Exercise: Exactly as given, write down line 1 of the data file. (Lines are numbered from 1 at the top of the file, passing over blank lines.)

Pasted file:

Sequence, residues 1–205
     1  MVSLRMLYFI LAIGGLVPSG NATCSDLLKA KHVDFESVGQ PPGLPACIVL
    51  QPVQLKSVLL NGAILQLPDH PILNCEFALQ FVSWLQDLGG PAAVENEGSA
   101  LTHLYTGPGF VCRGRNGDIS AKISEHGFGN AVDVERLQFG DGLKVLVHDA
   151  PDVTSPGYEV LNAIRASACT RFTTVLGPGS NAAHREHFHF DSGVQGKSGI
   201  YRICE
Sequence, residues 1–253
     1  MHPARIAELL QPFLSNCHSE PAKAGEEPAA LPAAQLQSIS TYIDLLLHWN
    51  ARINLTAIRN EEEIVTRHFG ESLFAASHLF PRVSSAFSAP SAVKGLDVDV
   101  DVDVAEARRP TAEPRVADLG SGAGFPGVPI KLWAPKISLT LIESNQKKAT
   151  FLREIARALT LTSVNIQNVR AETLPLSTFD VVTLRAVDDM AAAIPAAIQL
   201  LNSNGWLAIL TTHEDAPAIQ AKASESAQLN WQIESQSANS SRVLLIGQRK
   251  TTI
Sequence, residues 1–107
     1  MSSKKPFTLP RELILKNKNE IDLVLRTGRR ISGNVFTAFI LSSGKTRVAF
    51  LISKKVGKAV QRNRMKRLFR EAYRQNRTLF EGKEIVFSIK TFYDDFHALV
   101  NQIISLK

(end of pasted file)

Sequence, residues 1–205